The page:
The state once known solely for its potatoes, ghost towns, and Basque and Native American history is making its mark for a new reason these days: elite adaptive athleticism. Home to multi-medal Paralympic legends like Muffy Davis and Willie Stewart, Idaho has become a haven for athletes of all ages and abilities to discover their passions and refine their skills on the path to the Paralympics.
Three CAF-Idaho athletes will compete in the Tokyo Paralympic Games in 2021.
Being born without her left hand and forearm has never stopped Dani Aravich from realizing her destiny as a competitive athlete. After her time as a D-1 cross country and track and field athlete, Dani quickly became involved in the adaptive sports community where she not only volunteered as a limb-different coach, but also began training for the 2020 Paralympic Games in track and field. Through this training, Dani caught the attention of a U.S. Paralympic Nordic Ski coach who invited her to a training camp in 2019. Although the U.S. Para Nordic Team is in her sights for the 2022 Paralympic Winter Games in Beijing, Dani is focused on her performance as a member of the U.S. Paralympics Track and Field team in Tokyo where she will compete in the 400M sprint.
Will Groulx served in the United States Navy from 1995-2001 before a motorcycle accident left him paralyzed from the chest down. Seven months after the accident, he discovered wheelchair rugby, the sport that served as the gateway to his Paralympic career. After competing on three U.S. Paralympic Wheelchair Rugby Teams (Athens 2004, Beijing 2008, London 2012), Will made the switch to handcycling. As a para-cyclist, Will won gold and two silver medals at the Rio Games in 2016. This year, Will is competing as a member of Team Bridgestone on the U.S. Paralympics Cycling Team.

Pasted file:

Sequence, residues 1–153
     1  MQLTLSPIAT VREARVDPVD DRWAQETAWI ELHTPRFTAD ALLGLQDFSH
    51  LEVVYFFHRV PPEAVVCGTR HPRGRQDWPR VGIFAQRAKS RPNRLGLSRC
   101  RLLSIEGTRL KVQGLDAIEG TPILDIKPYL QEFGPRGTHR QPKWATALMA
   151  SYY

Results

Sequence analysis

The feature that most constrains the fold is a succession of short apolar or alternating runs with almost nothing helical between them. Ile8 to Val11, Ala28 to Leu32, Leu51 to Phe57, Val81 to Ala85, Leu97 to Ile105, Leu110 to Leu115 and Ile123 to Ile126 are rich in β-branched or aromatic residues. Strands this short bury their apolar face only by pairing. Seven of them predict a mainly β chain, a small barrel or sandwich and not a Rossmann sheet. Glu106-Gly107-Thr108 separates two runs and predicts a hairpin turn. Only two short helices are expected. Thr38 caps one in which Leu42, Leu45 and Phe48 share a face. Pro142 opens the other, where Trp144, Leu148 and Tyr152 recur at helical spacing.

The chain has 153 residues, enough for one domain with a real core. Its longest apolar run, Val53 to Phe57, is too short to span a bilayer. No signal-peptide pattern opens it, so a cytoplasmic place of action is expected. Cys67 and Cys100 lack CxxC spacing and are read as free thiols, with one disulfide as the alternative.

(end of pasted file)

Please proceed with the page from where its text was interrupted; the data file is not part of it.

Kory Puderbaugh was born with congenital limb deficiencies in all four limbs. He spent the early part of his childhood in an orphanage in Poland before being adopted by an American family living in Idaho. Known locally for wowing the community with his wrestling skills, Kory made the switch to wheelchair rugby shortly after graduating from high school in Eagle, Idaho. His dedication over the course of a few short years landed him a spot on the U.S.A. Wheelchair Rugby Team at the Rio Paralympic Games in 2016 where he won a silver medal. This year, he’s gunning for gold.
“Without sport, I wouldn’t have the same mental clarity, focus and hunger to succeed,” Kory said. “I’m so grateful for all the support CAF and its donors have given to thousands of us.” – Kory Puderbaugh
THE COST TO COMPETE
For those athletes with a ticket to Tokyo, the cost to compete is often more than lodging and transportation. In fact, over 50% of Team USA has received financial support from the Challenged Athletes Foundation somewhere along their athletic journey, regardless of the sports they participate in. For Kory Puderbaugh, that support came in the form of a Vesco Offensive Sport Wheelchair totaling more than $6,500. For elite athletes like Will Groulx, paracycling equipment can range from $5,000 to upwards of $10,000 per bike.
The expense of adaptive sports equipment can often be an obstacle that keeps those with physical disabilities on the sidelines. Medical insurance does not cover adaptive sports equipment which are deemed “luxury” items. CAF, however, believes sport is a right, and works to overcome this economic barrier. With the right support and proper equipment, the opportunities are limitless.
IDAHO’S PARALYMPIC FUTURE
You may find yourself keeping a close eye on the successes of athletes who have already been selected for the Paralympics, but a new generation of competitors is close behind. Through its grant program, camps, clinics, community events and development teams, CAF-Idaho is building tremendous bench strength for future Paralympics.
Athletes like Annie Carey and Brooklyn Gossard have their sights set on future gold medals for track and field and paracycling, respectively. At the U.S. Paralympics Cycling National Championship events in Boise in early July, Brooklyn had the opportunity to race through a criterium course alongside Muffy Davis and Will Groulx, giving those seasoned medalists a run for their money, showcasing just how dedicated she is to achieving her goal of becoming a Paralympian.
“There’s always somebody looking at you and you never know; it might be that next kid thinking ‘I can do that!’” – Will Groulx
Use the links below to learn more about CAF-Idaho programs and development.